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Digital Product Passport. Protect essential knowledge and know-how


16 Aug 2021


Innovation & Enterprise

In future, the digital product passport is to include all important environmental and material data of a product along its entire life cycle. VDMA sees opportunities and challenges in this concept and calls for the involvement of the industry.

Brussels/Frankfurt, 12 August 2021 – In future, the so-called "Digital Product Passport" (DPP) is to provide information on the origin, composition, repair and dismantling options, as well as on the proper disposal of a product. VDMA takes a critical view of the comprehensive demands for a Digital Product Passport as currently proposed by the European Parliament. "The digital product passport could mean the disclosure of internal company data and technological know-how, which could prevent companies from innovating and put them at a competitive disadvantage," fears Dr Sarah Brückner, Head of VDMA's Technology, Environment and Sustainability department.

The "Digital Product Passport" project stems from the "European Green Deal" and the "Circular Economy Action Plan" of the European Union. In both strategy papers, a digital product passport is mentioned as an essential instrument for a climate-friendly and resource-efficient economy. A concrete legislative proposal by the EU Commission is planned for the end of the year. The "Digital Product Passport" is also being discussed at the national level in Germany and is mentioned as a central measure in the environmental digital agenda of the Federal Ministry for the Environment.

Small and medium-sized enterprises must not be burdened

"Our concern is that a significant additional bureaucratic burden will be created. Feasible and affordable solutions must be developed, especially for small and medium-sized enterprises," warns Dr Brückner. The purpose of a Digital Product Passport must be defined by policy makers in close cooperation  with industry in a bottom-up approach. This should be done considering in-depth studies on the contents of the passport and an impact assessment of costs and benefits. The DPP should be tested in smaller fields of application before it is widely used.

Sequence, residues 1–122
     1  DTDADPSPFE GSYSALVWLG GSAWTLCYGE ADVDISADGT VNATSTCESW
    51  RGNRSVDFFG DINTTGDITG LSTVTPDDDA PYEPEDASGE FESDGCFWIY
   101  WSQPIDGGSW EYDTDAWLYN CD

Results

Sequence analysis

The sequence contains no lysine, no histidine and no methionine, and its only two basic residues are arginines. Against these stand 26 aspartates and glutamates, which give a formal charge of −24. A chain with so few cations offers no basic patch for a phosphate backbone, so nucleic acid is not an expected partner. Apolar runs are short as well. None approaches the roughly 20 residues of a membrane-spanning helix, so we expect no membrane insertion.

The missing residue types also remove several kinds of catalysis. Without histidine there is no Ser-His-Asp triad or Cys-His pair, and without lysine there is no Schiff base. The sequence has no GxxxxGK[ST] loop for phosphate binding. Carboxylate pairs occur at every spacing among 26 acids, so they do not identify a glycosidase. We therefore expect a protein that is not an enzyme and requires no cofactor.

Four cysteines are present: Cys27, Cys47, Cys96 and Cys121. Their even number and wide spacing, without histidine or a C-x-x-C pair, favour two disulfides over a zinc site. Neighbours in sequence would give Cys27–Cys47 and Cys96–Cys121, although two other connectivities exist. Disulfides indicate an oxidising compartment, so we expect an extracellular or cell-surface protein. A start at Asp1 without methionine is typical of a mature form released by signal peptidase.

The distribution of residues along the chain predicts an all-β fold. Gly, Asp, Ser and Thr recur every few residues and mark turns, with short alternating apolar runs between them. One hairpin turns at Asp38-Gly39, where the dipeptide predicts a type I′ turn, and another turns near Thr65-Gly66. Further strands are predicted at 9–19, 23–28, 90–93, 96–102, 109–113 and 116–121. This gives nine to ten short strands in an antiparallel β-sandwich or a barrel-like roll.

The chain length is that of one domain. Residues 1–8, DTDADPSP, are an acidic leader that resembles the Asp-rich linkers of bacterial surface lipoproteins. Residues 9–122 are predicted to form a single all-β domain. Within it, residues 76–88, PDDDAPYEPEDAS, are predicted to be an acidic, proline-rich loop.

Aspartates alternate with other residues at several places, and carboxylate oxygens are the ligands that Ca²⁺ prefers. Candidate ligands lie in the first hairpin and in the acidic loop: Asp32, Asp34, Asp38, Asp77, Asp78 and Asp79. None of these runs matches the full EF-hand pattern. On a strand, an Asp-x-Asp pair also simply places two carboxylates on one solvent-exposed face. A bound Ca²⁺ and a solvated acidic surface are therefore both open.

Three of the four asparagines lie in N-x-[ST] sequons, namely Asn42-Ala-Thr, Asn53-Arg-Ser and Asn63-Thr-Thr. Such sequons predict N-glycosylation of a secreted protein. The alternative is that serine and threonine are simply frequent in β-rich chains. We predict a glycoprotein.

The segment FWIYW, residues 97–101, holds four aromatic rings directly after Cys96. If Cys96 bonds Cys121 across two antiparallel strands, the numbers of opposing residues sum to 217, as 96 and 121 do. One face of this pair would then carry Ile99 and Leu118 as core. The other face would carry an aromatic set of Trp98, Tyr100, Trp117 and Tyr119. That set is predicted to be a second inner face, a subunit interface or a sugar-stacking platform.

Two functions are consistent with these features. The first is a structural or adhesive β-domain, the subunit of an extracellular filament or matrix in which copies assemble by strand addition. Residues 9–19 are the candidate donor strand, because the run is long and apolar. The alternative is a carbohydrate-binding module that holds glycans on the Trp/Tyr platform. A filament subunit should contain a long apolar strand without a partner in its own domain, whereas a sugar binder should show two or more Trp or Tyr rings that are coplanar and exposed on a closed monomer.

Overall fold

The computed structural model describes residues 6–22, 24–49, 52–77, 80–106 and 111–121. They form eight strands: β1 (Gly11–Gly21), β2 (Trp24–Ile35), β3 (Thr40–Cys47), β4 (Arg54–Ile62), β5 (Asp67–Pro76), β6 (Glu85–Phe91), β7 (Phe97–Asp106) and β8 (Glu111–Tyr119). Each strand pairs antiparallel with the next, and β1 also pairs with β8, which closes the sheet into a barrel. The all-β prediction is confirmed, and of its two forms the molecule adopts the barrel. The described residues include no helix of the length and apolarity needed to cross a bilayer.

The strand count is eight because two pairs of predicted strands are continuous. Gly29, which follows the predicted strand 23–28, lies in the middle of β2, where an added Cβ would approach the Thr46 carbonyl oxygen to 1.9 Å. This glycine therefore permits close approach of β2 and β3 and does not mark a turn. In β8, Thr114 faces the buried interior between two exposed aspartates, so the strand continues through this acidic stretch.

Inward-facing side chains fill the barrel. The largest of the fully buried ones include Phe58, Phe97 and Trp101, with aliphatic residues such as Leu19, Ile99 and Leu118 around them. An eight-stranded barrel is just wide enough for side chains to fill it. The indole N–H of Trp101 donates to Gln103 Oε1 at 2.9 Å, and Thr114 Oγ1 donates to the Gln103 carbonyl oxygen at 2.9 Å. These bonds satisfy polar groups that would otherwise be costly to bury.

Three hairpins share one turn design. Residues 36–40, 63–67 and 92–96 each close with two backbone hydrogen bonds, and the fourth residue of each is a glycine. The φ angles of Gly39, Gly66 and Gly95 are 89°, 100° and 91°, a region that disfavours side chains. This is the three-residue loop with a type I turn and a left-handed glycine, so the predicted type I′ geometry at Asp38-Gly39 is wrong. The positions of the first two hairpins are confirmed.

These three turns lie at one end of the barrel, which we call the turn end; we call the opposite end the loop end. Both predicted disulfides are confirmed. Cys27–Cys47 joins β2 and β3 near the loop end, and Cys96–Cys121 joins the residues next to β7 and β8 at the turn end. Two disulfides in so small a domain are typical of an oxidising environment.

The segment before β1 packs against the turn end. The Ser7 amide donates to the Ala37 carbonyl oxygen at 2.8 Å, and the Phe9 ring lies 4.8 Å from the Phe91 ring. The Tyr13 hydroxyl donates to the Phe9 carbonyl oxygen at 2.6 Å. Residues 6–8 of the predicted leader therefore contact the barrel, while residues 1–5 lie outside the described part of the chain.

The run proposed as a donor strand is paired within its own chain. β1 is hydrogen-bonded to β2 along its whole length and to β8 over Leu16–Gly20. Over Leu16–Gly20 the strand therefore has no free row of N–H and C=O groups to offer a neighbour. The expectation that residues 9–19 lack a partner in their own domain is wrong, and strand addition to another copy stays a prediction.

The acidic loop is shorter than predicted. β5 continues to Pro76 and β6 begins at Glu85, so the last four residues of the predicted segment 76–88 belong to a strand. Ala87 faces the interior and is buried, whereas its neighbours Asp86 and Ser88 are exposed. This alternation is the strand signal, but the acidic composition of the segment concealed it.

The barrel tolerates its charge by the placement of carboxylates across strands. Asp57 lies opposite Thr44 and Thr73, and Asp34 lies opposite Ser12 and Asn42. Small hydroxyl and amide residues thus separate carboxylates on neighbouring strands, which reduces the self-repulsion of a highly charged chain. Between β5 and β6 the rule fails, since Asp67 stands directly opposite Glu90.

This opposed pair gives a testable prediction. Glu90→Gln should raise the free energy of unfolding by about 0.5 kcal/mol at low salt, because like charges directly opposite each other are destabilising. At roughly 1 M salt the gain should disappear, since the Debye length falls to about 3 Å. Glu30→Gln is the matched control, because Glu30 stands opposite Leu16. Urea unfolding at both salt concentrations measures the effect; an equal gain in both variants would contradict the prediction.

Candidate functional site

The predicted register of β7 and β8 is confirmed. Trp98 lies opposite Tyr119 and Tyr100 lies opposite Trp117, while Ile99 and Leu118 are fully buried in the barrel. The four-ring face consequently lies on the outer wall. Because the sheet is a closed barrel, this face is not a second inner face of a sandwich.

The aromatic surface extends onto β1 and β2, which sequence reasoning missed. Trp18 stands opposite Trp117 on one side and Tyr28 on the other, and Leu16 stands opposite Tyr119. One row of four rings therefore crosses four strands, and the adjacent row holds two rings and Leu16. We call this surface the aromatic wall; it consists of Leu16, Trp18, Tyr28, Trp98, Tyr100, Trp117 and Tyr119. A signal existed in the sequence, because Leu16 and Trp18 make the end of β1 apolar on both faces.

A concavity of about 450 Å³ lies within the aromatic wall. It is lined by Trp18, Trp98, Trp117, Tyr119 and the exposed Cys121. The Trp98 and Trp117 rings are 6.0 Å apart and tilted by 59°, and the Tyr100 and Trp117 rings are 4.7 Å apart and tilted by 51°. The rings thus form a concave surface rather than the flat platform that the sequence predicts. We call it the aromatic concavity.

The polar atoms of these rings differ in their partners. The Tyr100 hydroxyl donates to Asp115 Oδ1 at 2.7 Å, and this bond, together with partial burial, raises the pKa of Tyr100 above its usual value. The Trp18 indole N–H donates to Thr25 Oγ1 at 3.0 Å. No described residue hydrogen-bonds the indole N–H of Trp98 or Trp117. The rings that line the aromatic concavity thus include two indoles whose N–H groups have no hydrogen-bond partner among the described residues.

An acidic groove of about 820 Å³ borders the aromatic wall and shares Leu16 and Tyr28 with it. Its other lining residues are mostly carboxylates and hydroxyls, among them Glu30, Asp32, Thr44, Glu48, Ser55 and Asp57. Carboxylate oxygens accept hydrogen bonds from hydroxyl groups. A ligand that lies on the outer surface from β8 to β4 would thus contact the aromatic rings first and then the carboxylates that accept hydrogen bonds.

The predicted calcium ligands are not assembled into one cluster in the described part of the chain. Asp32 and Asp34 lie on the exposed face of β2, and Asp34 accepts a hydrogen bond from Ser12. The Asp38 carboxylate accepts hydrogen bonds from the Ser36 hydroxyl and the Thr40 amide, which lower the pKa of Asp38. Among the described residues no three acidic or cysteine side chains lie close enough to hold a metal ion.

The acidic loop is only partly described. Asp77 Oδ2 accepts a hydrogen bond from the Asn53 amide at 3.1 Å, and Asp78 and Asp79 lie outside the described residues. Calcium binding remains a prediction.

The choice of appropriate climate and environmental parameters is essential. The product passport should only contain necessary information to avoid exposure of product knowhow and to keep the effort for companies within reasonable limits. Data management is expensive. Industry-driven solutions must be possible, in particular to take into account differences in products and information needs and to allow for tailor-made designs. "A one-fits-all approach is not a solution," says Dr Brückner. Another prerequisite is that the digital infrastructure and easy-to-use digital solutions are available - in the companies, but also at the communication service providers and authorities. "The DPP should remain digitally lean," demands Dr Sarah Brückner.

Machine and plant manufacturers see added value

Finally, the question arises whether the Digital Product Passport can meet the market's demands for more transparency if it is designed correctly. "If an instrument is created that passes on central information in the sense of climate neutrality and the circular economy, and at the same time enables new business models and services that allow conclusions and learning effects for the industry, a great added value can be created for the machinery and plant construction industry," states Dr Brückner.



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